The most famous dog on YouTube has 11.1 million subscribers. Maymo, whose owners record the dog in comedic situations, has had 4,732,729,812 total video views. 108

99. The largest breed of dog is the Old English Mastiff.

Rivaling the weight of the Mastiff is the Saint Bernard. Both breeds, when fully grown, can weigh up to 200 pounds. 109

100. A Golden Retriever achieved the world record for holding five tennis balls in the mouth at one time.

Dogs like to cram as many toys in their mouth as possible. They’ll carry multiple sticks, balls, and squeaky toys at a time. For safety reasons, this should not be encouraged. 110

101. In 1931, a Poodle inherited $15 million, making the dog the richest dog in the world.

A New York dog owner left her Poodle, Toby, millions of dollars in her will. The Guinness World Records honored the dog with the title of “wealthiest dog.” 111

There you have it – more than 130 cool, fun facts about the world’s most favorite pet. Whether you cuddle a Pomeranian, walk a Labrador Retriever, or play fetch with a German Shepherd, dogs have been, and always will be, our best companions.

If you’re interested in facts about dogs, you probably have interest in dogs. If you’re a dog owner, we have a load of resources that can help.

One set of guides is our collection of buying guides which can help you find the best waterproof dog bed, the best outdoor dog bed, the best elevated dog bed, or the best dog bed for the couch.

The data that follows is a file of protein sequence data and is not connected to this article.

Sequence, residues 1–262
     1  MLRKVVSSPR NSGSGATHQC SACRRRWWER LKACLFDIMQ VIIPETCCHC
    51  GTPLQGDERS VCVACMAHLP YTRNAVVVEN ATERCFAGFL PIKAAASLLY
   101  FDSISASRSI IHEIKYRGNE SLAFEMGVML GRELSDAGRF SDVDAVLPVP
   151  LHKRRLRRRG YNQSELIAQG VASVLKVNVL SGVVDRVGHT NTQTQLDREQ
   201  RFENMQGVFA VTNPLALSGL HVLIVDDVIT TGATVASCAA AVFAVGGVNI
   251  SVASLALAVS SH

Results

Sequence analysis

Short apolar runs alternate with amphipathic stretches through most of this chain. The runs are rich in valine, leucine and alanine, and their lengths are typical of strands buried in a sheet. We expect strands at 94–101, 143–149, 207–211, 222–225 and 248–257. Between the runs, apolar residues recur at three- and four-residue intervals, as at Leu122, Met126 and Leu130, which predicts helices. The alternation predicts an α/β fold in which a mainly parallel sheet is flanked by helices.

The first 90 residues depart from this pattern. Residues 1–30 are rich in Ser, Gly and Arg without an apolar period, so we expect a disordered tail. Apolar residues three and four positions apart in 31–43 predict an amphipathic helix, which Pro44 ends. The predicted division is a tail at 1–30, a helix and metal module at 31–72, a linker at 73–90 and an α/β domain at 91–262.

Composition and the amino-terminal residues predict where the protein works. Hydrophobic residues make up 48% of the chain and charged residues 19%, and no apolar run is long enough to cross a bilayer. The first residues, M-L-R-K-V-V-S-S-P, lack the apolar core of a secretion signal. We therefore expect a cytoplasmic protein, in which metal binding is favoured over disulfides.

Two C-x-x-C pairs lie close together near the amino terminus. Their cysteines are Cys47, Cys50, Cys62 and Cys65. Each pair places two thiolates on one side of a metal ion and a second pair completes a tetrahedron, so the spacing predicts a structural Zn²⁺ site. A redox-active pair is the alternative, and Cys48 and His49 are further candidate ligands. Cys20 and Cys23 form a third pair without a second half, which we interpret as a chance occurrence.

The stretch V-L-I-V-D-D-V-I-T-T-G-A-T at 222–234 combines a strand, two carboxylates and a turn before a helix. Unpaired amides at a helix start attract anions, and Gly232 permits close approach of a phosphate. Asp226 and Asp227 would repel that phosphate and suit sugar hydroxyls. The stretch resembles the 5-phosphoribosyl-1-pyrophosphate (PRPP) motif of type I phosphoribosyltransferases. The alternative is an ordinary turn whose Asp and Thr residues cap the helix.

You can also check out our puppy size calculator, dog growth charts including our goldendoodle growth chartsgreat dane growth chartschihuahua growth chartslabrador growth charts, and golden retriever growth charts (and our general overview of the ideal dog weights), buying guides for important products like the no escape dog harnesses, our list of foods dogs can and can not eat and our article on how long it takes for a dog to digest food.

Beyond that, if you’re looking for additional resources to help keep your puppy healthy and looking good we also have a series of buying guides to help you select the best dog ear cleaners, the best professional dog clipper, the best dog clipper for poodle hair, and our guide to finding the best Australian Shepherd dog brush.

Article Sources

Pet News Daily uses only high-quality sources, including peer-reviewed studies, to support the facts within our articles. Read our editorial process to learn more about how we fact-check and keep our content accurate, reliable, and trustworthy.

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Pet News Daily writers are experts in pet care, health and behavior. We are members of Society for Professional Journalists and practice ethical journalism.